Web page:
Foreclosure forecast: Blizzard brewing
forecasters worry the combination of a real estate market in the doldrums and
unfortunate timing may be blowing in a blizzard of new foreclosure filings. The
first flurries are already arriving.
a tough milestone, with 1.2 million foreclosure filings reported nationwide for
the year -- a 42 percent increase from 2005. While not a record high, such a sharp
increase worries real estate experts that the worst may be yet to come, and the
real estate market may suffer for it.
The strange thing about
this wave of foreclosures, says Rick Sharga, vice president of marketing for the
online foreclosure marketplace RealtyTrac, is that national economic conditions
wouldn't have predicted such a sharp spike in housing troubles. As a whole, the
stock market is in good shape, and employment numbers are strong.
Still, David Lereah, chief economist for the National Association of Realtors
(NAR), says economists do expect foreclosures to follow a downturn in the housing
market, especially in markets that see unsustainable price appreciations.
"That was expected. Everyone was already talking about how foreclosures would
go up, even before those numbers came in," he says.
That's because when housing prices fall buyers head for the sidelines, and homes
sit on the market longer. That spells trouble for people who might be relying
on endless appreciation to bail them out of financial trouble.
"Any time you take buyers off the market, that takes one more option off
the table for owners who are in trouble," Sharga says. "With a red-hot
market, you usually don't have a foreclosure problem."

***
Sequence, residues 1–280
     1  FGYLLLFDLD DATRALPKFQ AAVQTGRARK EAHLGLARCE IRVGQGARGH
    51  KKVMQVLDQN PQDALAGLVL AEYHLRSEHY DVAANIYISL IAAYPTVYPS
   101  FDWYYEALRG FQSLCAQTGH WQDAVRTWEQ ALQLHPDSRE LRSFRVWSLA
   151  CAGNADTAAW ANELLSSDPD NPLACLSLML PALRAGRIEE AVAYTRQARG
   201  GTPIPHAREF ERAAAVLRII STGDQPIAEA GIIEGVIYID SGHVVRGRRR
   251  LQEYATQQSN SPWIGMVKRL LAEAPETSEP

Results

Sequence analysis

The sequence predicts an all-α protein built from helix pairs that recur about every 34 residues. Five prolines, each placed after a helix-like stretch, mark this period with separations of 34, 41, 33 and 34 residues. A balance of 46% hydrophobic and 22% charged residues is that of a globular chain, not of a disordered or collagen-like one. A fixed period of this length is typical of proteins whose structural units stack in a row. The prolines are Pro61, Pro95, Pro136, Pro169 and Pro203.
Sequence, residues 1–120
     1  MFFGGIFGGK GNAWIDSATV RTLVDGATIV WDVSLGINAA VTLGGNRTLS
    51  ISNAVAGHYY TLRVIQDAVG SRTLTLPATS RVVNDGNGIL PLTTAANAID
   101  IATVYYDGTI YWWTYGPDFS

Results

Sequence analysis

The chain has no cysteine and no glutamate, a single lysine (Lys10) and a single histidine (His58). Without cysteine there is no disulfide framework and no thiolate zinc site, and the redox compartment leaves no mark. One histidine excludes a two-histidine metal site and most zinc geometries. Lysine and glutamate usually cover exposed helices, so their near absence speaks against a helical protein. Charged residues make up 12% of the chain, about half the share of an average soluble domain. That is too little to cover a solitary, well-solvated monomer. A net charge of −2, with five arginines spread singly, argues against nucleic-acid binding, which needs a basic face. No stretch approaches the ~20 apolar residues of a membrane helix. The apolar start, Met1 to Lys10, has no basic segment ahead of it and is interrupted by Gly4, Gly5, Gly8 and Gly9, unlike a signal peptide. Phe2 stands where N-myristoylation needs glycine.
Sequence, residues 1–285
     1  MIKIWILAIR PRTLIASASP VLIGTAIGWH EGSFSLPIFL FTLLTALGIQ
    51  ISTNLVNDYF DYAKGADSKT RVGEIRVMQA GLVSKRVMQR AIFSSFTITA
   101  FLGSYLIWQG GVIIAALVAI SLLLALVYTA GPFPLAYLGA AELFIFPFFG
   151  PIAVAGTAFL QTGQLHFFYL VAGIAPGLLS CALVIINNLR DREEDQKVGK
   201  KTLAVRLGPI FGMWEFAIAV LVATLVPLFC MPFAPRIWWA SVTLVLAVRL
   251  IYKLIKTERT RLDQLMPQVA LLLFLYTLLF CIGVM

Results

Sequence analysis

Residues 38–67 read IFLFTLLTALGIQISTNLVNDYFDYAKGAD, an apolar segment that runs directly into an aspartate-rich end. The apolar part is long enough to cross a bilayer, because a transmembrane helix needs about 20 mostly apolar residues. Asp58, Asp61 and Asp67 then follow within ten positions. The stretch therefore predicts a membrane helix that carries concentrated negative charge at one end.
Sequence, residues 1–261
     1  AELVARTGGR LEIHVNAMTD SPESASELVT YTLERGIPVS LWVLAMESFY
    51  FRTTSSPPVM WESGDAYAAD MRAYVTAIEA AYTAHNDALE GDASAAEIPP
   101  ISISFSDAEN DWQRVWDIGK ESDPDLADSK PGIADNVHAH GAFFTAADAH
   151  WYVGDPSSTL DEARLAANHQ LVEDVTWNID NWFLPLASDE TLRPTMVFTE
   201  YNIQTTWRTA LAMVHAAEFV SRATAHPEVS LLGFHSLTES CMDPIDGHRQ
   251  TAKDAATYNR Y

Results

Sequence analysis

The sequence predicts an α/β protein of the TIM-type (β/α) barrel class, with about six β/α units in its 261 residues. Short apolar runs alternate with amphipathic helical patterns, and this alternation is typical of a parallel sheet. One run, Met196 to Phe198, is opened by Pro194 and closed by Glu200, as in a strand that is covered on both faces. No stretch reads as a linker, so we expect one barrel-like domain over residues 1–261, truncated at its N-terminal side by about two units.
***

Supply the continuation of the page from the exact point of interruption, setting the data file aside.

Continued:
But with sagging prices and longer
times to sale, trouble brews. For example, when
homeowners who are in financial trouble try
to bail themselves out by selling their home,
the sale may not come in time, and in some cases,
it may not throw off enough cash to solve the
family's financial crunch.
two worst things you could have happen if you are in financial trouble is losing
money or time," Sharga says.
So, to some extent, this
wave of foreclosures shouldn't be raising eyebrows. But economists are making
rumblings that something else might be at work driving this foreclosure storm.
That's because if a slumping market were the only factor at work, filings likely
wouldn't have spiked so quickly and to such heights. Observers believe that the
other factor might have to do with a popular mortgage trend many homeowners have
been jumping on for nearly half a decade.
In mid-2003, mortgage
rates hit their lowest point in years, with 30-year fixed rate loans going for
little more than 5 percent. But many buyers passed on the stability of the fixed
rate and pounced on the rock-bottom rates being offered on 3/1 adjustable rate
mortgages (ARMs). Those ARMs saw teaser annual interest rates of 2 percent and
3 percent and -- in cases with more exotic loans -- even less.
The trouble with ARMs is, after their introductory period, that interest rate
adjusts upward to a market rate -- which is now closer to 6 percent. A 3/1 adjustable
mortgage means that the introductory rate remains the same for three years. After
that, it adjusts annually.